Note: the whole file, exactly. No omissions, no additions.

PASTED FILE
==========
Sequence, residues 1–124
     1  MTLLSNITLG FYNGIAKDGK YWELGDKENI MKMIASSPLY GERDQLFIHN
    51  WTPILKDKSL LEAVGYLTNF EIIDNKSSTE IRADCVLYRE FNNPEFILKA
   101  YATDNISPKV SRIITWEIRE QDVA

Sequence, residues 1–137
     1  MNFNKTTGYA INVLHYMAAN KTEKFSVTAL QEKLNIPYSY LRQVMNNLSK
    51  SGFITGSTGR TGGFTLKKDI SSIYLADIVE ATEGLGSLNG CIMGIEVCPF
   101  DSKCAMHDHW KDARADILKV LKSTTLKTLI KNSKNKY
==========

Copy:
Sequence, residues 1–124
     1  MTLLSNITLG FYNGIAKDGK YWELGDKENI MKMIASSPLY GERDQLFIHN
    51  WTPILKDKSL LEAVGYLTNF EIIDNKSSTE IRADCVLYRE FNNPEFILKA
   101  YATDNISPKV SRIITWEIRE QDVA

Sequence, residues 1–137
     1  MNFNKTTGYA INVLHYMAAN KTEKFSVTAL QEKLNIPYSY LRQVMNNLSK
    51  SGFITGSTGR TGGFTLKKDI SSIYLADIVE ATEGLGSLNG CIMGIEVCPF
   101  DSKCAMHDHW KDARADILKV LKSTTLKTLI KNSKNKY